You can easily convert your 220V lights to 12V, but you need to clearly mark everything, otherwise the standard bulbs won't work
get a solar heater if possible and try to switch to gas for cooking, even on the kettle.

You're TV will probably run very happily on 600 - 1000W inverter.
Now, with this behind us, change your perspective a bit: Calculate how many watts you'll need to run everything you need, and get an inverter that's at least 30% bigger than that. i.e. if you need to run 3000W, get a 3900W inverter. This is cause most of the times the printed label is for peak rating, and the running watts is less. And in general you don't want to run anything at full rating the whole time, it will get hotter than it's intended to.

Now you need to calculate how many 105AH batteries you need to run that inverter @ the intended wattage.

Once done, you need to calculate how much power you'll need to recharge the batteries within reasonable amount of time, normally about 6 - 10 hours. Remember, the recharge time is really only applicable when there's been no wind for a while, otherwise the excess power that you wanted to dump will actually be used by some of the appliances, like the PC, TV on standby, etc.

Try and build a 24V, or even 48V system if possible. 24V will need less half the Amps as 12V to deliver the same Watts. i.e. 12V x 200A = 2400W, OR 24V x 100A = 2000W. This also means you can use smaller (thus lighter & cheaper) cables throughout the system

And, as a handy tip: use a DB for everything. You could probably use your existing DB for this, since all the wiring already terminates in one box and it has circuit breakers already. BUT, keep a standard. i.e. if you go 12v with the downlights, then you need to make sure all lights circuit breakers & circuits are 12V. On the plug points, make sure they're all on 220V and connected to the inverter.

If possible,rather use 2 or 3 smaller inverters than one big one - it gives a bit redundancy, and load balancing to the system i.e. if the the lights are all one one inverter with 4 batteries, and plugs on another inverter with 4 batteries, then you can effectively disable the plugs while having lights (i.e. for maintenance on batteries / plugs, OR the lights could still work while your other appliances have depleted the batteries and there's no wind)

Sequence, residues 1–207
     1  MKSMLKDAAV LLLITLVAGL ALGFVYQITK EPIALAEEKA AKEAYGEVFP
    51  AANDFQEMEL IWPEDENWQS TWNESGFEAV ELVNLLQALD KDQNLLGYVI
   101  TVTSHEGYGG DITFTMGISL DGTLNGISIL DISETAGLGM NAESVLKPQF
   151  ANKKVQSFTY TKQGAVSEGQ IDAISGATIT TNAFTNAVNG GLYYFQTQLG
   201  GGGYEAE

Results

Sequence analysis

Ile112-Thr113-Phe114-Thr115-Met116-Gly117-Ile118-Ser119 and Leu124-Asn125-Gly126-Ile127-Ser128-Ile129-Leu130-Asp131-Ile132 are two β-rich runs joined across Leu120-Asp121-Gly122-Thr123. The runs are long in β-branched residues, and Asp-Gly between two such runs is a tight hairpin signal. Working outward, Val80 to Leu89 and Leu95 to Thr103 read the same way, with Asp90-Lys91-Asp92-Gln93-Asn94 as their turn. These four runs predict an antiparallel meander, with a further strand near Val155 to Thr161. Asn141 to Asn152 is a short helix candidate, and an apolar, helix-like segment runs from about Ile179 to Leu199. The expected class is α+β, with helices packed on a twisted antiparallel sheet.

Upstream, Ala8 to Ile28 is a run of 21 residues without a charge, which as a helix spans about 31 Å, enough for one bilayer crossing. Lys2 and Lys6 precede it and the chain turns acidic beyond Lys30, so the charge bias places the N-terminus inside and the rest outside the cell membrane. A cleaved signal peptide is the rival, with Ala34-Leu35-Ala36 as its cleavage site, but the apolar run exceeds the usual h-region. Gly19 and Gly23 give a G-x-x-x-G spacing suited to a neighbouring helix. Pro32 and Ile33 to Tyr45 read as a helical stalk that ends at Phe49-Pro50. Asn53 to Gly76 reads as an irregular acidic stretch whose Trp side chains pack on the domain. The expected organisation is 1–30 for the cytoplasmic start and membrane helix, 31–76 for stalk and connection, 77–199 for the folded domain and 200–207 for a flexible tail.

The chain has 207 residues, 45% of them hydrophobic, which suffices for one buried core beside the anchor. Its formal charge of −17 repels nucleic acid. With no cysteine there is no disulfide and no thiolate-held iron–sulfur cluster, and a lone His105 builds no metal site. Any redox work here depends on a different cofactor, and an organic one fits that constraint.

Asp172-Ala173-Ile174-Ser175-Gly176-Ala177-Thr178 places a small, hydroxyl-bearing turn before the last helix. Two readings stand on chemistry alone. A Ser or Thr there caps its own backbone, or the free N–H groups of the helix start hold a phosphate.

11. ## Thanks given for this post:

daveob (15-Mar-10)

12. Originally Posted by SoftDux
If possible,rather use 2 or 3 smaller inverters than one big one - it gives a bit redundancy, and load balancing to the system i.e. if the the lights are all one one inverter with 4 batteries, and plugs on another inverter with 4 batteries, then you can effectively disable the plugs while having lights (i.e. for maintenance on batteries / plugs, OR the lights could still work while your other appliances have depleted the batteries and there's no wind)
There are 'scalable' inverters available where you can take 2 separate 5kw inverters and series connect them to make a single 10kw inverter. Later if you need more power you can purchase a third one and add it to the other two and make 15kw output. Also if you have 3 of these inverters you can wire then in parallel to give you a three phase output. They can also handle multiple power inputs from batteries, solar panels, wind turbines, hydro etc as well as grid (eskom) power and have a built in battery charger. The output is always flawless sine wave, they're not cheap but you get what you pay for. The last one I purchased was around 12 grand a couple of years ago.

13. Originally Posted by AndyD
There are 'scalable' inverters available where you can take 2 separate 5kw inverters and series connect them to make a single 10kw inverter. Later if you need more power you can purchase a third one and add it to the other two and make 15kw output. Also if you have 3 of these inverters you can wire then in parallel to give you a three phase output. They can also handle multiple power inputs from batteries, solar panels, wind turbines, hydro etc as well as grid (eskom) power and have a built in battery charger. The output is always flawless sine wave, they're not cheap but you get what you pay for. The last one I purchased was around 12 grand a couple of years ago.
Yea, those are the ones I'm referring to

14. This is the system I mentioned. They also have lots of info on connecting wind and solar systems etc on this site in the 'support and downloads section. There's also a pricelist in Euros but it's not for the faint of heart. 3000 Euros for a 5kw multiplus inverter/charger.